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January 12, 2021

COVID-19 symptoms can linger for months after hospitalization

A large study shows most survivors still have at least one side effect months after discharge

Illness COVID-19
COVID-19 long-haulers study Cai Yang/Xinhua/Sipa USA

A new study suggests many COVID-19 patients once hospitalized in Wuhan, China were still experiencing health issues six months after diagnosis. Above, a medical worker conducts hemodialysis treatment for an uremic patient recovering from COVID-19 at Hankou Hospital in Wuhan, March 21, 2020.

Many COVID-19 survivors continue to experience fatigue, anxiety and sleeping difficulties months after being discharged from the hospital. 

A new study, published in the medical journal The Lancet, provides one of the biggest analyses of the so-called "long-hauler" effects of the coronavirus. 

More than 75% of the 1,733 study participants were still experiencing at least one symptom six months after they were hospitalized in Wuhan, China, the pandemic's original epicenter.

About 63% said they still had fatigue or muscle weakness. Another 26% said they had trouble sleeping and 23% said they experienced anxiety or depression. 

Dr. Steven Deeks, a University of California, San Francisco professor who is leading a study that follows COVID-19 patients for two years, said the findings show the prevalence of the long-lasting symptoms.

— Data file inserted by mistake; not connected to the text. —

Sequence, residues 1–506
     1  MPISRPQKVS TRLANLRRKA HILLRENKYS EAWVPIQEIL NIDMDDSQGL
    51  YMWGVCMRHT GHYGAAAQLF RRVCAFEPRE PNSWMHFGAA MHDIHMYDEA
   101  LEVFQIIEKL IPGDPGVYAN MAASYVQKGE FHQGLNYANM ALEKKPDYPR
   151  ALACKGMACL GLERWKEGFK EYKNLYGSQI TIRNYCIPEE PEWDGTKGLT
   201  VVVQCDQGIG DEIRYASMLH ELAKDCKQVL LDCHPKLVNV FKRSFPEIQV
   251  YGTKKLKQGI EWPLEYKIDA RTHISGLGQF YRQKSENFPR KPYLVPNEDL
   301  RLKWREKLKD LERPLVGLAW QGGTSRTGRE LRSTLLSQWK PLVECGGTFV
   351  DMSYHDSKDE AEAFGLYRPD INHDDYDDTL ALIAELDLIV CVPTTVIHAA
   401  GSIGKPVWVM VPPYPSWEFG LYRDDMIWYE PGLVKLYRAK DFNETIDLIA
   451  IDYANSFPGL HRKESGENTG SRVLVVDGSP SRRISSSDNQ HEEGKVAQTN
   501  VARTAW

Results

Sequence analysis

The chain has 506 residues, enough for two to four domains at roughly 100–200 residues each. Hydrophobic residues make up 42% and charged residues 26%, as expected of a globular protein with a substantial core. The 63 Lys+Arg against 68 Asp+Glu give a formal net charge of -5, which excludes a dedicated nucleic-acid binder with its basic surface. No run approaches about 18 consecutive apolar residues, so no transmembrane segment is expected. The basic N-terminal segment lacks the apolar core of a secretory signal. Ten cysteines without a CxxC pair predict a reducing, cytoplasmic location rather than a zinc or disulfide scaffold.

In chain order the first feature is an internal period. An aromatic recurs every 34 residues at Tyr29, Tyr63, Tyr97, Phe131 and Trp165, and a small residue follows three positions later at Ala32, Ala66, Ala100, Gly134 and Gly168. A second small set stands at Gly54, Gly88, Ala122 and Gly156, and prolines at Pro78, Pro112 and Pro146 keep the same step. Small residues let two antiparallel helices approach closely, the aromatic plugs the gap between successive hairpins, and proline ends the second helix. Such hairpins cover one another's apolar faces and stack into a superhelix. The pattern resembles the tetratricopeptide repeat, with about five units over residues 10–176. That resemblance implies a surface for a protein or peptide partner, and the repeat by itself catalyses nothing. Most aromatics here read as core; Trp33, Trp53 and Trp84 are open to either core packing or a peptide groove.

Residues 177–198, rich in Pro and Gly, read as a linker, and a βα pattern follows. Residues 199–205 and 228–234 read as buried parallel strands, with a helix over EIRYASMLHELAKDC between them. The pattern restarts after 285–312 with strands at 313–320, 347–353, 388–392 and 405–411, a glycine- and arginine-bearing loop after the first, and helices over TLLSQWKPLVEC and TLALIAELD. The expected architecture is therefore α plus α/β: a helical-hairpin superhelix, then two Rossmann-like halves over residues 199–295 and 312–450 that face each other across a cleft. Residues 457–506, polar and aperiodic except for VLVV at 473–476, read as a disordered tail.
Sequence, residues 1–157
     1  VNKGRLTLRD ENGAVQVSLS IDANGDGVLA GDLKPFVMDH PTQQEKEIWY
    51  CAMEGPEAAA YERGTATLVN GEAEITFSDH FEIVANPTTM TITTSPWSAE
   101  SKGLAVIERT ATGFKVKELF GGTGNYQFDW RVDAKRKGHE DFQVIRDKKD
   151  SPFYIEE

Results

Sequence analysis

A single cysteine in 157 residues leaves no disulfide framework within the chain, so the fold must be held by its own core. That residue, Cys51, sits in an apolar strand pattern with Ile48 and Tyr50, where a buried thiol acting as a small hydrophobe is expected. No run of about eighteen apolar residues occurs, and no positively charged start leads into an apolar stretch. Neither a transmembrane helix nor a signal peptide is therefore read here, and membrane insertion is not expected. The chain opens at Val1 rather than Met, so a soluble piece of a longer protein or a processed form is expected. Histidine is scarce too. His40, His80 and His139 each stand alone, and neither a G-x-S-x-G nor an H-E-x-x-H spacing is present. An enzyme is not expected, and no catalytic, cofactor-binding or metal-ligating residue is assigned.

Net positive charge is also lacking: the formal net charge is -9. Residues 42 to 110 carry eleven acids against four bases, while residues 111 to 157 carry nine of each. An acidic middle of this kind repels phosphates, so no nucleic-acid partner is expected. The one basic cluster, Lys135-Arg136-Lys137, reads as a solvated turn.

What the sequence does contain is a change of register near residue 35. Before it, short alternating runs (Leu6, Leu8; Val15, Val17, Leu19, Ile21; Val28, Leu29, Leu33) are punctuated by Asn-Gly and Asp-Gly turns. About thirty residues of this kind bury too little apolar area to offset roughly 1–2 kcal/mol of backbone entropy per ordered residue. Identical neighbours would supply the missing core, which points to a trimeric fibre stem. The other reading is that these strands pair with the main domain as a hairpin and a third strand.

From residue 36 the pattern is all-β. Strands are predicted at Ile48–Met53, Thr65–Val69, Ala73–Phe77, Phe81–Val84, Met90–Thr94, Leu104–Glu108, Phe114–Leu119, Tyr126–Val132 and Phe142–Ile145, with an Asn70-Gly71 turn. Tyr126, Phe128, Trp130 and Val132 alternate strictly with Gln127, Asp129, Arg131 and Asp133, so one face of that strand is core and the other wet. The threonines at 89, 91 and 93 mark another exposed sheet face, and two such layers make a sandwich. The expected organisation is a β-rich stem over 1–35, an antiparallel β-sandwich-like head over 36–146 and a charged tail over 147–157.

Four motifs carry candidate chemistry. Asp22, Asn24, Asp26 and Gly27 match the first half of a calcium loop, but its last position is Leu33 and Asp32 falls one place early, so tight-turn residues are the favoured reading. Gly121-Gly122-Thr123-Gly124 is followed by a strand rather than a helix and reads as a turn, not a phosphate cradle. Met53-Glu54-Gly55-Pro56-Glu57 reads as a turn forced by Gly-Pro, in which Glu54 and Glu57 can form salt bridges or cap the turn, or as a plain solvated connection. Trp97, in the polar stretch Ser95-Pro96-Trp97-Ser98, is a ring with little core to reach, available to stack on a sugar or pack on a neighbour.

"It shows that a substantial portion of people, far higher than you would expect in the general population, are exhibiting symptoms that are having an impact," Deeks told the New York Times. "And importantly, there’s no specific pathway, there’s multiple different outcomes that occur: mental health stuff and pulmonary stuff and quality-of-life stuff. This provides pretty solid confirmation for what we’re all seeing."

The study had some limitations. It did not evaluate the patients' cognitive function or report whether they were experiencing anxiety or depression before contracting the coronavirus. 

It also did not include the sickest patients. About 75% of the study participants required supplemental oxygen, but did not need ventilators or require high-flow nasal oxygen — treatments reserved for the most severe cases. 

Because it's an observational study, its findings can't directly be linked to COVID-19. To do so, the study needed to compare the outcomes of COVID-19 to people hospitalized with other infections that can cause pneumonia. 

"I would have liked to have seen data on patients admitted with something other than COVID-19 during that period," Dr. Hana El Sahly, an associate professor of molecular virology and microbiology at Baylor College of Medicine, told NBC News.

Still, the study is believed to be the largest "the largest cohort study with the longest follow-up duration," the study authors noted. 

The patients, whose median age was 57, were interviewed between June and September. They also were given physical exams, lab tests and an aerobic capacity test. 


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